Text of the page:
Mandarins belong to the Citrus genus. It’s believed they originated in ancient China, which is how they got their name. Their peel is deep-orange, leathery, and protects the sweet, juicy segments inside.
Mandarins grow on flowering small- to moderately-sized citrus trees. As they ripen, they change from a deep green to their recognizable orange color and grow to a width of about 1.6–3 inches (4–8 cm).
You may hear mandarins referred to as “mandarin oranges,” but this is not an accurate description. Though they share an orange exterior, mandarins are a different species of citrus from oranges, which belong to Citrus sinensis.
Unlike oranges, mandarins are not round. Rather, they’re oblong, resembling a sphere with a flattened top and bottom. They’re also easier to peel.
Mandarins boast an impressive nutritional profile.
One medium mandarin (88 grams) packs the following nutrients:
Carbs: 12 grams
Protein: 0.7 grams
Fat: 0.3 grams
Fiber: 2 grams
Vitamin C: 26% of the Daily Value (DV)
Magnesium: 2.5% of the DV
Potassium: 3% of the DV
Copper: 4% of the DV
Iron: nearly 1% of the DV
This potent little fruit delivers over a quarter of the DV for vitamin C, which is important for skin health, wound healing, and proper immune function.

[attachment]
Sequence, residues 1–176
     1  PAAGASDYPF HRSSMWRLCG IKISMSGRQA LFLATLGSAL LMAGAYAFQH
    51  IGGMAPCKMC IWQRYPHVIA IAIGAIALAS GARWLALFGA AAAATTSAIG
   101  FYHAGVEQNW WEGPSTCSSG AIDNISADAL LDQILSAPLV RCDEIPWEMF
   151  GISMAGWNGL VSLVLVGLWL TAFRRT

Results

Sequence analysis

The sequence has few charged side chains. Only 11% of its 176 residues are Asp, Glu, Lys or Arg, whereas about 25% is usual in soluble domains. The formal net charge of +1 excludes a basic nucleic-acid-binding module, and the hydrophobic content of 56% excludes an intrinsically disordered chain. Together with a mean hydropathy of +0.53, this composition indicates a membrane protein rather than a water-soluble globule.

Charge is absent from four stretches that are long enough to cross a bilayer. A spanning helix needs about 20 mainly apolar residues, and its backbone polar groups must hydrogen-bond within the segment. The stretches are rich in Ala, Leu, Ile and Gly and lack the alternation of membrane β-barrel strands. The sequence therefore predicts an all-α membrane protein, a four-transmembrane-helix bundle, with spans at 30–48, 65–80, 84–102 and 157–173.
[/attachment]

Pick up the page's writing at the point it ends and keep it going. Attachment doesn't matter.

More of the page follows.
Mandarins also provide important minerals. While they’re not a rich source of copper, they boast more of it than most fruits. Copper is essential to health, as it aids red blood cell production and iron absorption. Thus, it helps transport oxygen to your tissues.
Along with vitamins and minerals, one medium (88-gram) mandarin packs 8% of the DV for fiber. Fiber feeds your beneficial gut bacteria, which aid digestion and may even help reduce your risk of chronic conditions like diabetes and heart disease.
Mandarins are rich in health-boosting plant compounds like flavonoids.
Flavonoids are readily found in foods. They’re a type of antioxidant that helps defend your body against an imbalance of free radicals, which could otherwise lead to oxidation. Oxidation can promote aging and the onset of diseases like cancer and heart disease.
Another way that flavonoids may help protect against cancer is by suppressing genes that support cancer growth and inactivating cancer-promoting compounds.
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Store in a cool and dry place
This product requires a quantity of 10 minimum.